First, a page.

IEEE DySPAN 2015 is under way in Stockholm and I attended (actually co-organized) an NSF sponsored workshop on “Future Directions in Spectrum Management Research“. The actual organization of the workshop became, admittedly, somewhat “ad hoc”, but thanks to the strong and somewhat provocative keynotes, the on-the-mark invited presentations and a very active audience the workshop content was very interesting and the discussions lively all the way to the very end.
A big part of the discussion was revolving about the geolocation database systems, coined Spectrum Access Systems (SAS), that will be used to authorize shared access – now being applied to the 3,5GHz-band in the US. Preston Marshall from Google started things of by the describing the concepts and by discussing the accuracy of todays 3D maps of our environment that are allowing detailed radio propagation. Keeping track of 10’s of thousands of receiver that need to be protected – is not considered a computational difficult or heavy task these days. An interesting question that I raised in the concluding discussions, is to what extent it was useful to augment the maps with large bulks of actual measurement data. Several other speakers described measurement campaigns to collect such spectrum-analyzer data. One way to approach the issue is to ask what are the limits of such measurements – what if all these measurements were perfect – if the 3-D maps where perfect – to what accuracy could they predict interference to primary receivers from a hypothetical device? Anand Sahai posed the question if there is a “Nyquist sampling rate” for 3D spectrum maps, i.e. if we sample more densely than this, we could perfectly reconstruct the signals. I am somewhat doubtful. Further, despite such “perfect prediction”, if it is not known what is the orientation of my antenna, is the window open, do I stand behind or in front of a temporary object (e.g. a bus) in the street etc, how many dB:s margin to I have to include in my SAS decision to “guarantee” primary protection. 10dB, 20 dB? A large margin significantly reduces our capability to effectively reuse the spectrum.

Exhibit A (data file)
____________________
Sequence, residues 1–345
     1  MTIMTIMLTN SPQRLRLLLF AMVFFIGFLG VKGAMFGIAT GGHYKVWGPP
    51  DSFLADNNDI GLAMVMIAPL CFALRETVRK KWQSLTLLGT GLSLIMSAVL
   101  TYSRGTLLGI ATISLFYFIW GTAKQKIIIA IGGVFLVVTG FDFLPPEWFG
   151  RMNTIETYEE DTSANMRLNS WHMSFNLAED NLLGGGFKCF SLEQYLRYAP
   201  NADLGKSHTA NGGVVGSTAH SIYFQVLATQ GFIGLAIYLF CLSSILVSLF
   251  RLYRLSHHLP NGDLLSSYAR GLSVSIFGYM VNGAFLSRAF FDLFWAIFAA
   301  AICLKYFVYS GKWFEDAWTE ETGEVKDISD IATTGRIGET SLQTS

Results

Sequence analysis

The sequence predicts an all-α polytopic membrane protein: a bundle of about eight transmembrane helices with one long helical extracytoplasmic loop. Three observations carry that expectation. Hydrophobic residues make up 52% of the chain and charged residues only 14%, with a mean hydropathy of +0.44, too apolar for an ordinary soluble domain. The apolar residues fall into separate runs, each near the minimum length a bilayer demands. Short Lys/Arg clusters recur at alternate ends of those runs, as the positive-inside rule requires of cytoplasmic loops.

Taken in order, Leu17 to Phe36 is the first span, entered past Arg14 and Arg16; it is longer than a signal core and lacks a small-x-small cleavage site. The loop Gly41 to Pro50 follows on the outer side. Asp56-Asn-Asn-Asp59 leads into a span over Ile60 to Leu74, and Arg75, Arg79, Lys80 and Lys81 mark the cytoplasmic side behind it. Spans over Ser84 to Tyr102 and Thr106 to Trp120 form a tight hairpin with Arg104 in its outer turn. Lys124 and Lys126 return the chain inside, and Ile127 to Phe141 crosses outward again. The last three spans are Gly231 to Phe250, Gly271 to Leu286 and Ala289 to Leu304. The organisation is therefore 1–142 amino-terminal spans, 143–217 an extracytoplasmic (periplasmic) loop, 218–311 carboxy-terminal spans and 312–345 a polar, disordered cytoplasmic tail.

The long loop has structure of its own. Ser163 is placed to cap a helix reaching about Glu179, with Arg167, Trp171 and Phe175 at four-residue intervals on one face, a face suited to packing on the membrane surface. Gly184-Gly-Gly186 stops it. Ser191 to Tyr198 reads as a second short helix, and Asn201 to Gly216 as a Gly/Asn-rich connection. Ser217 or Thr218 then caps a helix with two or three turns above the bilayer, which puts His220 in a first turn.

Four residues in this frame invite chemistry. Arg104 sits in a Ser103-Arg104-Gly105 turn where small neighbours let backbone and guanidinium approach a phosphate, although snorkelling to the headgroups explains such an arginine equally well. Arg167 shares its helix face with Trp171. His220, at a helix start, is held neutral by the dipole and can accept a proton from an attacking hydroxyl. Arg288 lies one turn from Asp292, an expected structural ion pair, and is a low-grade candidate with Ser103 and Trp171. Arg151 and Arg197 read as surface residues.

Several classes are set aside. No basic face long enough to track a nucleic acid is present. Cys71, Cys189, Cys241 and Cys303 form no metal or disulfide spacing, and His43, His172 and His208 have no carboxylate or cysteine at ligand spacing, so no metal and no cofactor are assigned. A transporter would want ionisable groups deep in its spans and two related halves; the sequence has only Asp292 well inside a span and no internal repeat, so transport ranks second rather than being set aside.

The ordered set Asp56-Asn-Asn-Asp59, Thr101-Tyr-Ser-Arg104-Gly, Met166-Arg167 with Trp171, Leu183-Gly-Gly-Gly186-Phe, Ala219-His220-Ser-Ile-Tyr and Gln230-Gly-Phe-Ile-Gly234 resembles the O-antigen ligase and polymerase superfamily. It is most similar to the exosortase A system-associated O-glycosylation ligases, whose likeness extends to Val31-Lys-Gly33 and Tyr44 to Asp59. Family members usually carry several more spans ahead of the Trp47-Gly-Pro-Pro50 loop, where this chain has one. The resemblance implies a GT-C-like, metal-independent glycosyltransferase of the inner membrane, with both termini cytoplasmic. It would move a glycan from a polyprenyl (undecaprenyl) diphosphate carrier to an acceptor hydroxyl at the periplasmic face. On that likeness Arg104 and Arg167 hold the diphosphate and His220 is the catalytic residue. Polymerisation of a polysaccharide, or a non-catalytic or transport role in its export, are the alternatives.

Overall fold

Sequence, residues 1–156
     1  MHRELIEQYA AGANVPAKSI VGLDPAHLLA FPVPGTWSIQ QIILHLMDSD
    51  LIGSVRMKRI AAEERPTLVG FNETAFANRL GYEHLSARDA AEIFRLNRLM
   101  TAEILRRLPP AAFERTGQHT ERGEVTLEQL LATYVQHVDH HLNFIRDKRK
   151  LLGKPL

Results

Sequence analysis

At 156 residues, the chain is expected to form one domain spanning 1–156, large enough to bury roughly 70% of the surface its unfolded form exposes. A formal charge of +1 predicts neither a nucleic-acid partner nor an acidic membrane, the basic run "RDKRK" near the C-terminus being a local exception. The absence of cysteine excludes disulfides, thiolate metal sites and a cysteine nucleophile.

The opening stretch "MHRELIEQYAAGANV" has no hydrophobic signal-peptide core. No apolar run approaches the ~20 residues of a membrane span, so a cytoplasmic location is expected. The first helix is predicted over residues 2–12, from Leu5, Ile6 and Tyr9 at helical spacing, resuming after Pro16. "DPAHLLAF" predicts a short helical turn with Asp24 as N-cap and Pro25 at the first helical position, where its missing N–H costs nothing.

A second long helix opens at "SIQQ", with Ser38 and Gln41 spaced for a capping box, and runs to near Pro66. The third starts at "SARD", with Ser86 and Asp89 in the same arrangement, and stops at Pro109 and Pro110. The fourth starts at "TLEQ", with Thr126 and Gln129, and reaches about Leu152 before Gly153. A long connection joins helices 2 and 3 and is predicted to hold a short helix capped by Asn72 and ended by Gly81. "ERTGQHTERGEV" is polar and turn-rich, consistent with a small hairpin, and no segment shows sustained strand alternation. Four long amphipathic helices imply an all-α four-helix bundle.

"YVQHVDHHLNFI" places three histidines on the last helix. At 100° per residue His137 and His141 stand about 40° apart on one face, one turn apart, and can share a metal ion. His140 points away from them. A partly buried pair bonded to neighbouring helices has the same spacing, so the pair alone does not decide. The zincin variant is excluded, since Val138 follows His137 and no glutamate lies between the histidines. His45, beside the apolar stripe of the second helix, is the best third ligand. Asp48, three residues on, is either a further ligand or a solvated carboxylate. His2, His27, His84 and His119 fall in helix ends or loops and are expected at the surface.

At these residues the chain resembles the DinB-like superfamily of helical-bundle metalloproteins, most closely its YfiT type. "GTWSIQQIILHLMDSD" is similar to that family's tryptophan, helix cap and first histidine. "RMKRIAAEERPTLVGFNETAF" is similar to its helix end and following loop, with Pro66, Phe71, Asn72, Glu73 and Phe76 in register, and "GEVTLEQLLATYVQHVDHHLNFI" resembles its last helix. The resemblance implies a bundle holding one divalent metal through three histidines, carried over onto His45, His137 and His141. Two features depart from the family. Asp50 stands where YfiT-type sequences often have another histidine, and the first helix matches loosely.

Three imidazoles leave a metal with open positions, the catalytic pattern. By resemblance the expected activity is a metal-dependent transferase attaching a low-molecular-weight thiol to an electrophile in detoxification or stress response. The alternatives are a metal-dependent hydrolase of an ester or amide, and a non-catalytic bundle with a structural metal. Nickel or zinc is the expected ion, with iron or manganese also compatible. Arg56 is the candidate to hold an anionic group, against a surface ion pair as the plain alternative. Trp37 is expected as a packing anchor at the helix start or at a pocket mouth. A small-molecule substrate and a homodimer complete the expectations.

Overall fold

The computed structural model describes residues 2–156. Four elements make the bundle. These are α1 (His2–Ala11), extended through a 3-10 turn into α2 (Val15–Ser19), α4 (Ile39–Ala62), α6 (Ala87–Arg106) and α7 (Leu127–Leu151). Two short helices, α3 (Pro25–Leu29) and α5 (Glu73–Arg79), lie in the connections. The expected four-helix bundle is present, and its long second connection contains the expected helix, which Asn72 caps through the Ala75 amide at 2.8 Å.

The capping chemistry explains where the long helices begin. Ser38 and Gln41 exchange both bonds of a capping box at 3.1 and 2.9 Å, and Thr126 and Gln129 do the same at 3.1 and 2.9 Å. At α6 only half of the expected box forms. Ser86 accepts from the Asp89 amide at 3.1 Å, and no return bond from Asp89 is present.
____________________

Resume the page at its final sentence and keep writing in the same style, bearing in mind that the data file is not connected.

Another way to answer the above question, is to ask is what are actually the bottleneck components in the interference prediction calculation ? Is it the (primary) receiver characteristics, the propagation modelling including the above local, temporary propagation conditions (see example above) , knowledge about interference sources, receiver locations etc. This will give us a hint where to improve by collecting more and more accurate data or if some parts are just fundamentally out of reach. As the chain is not stronger than its weakest link, it would hardly be worth the effort of significantly improving one of the factors, when we in fact are limited by something completely different. So do we need more spectrum analysis data, or is the bottleneck somewhere else ?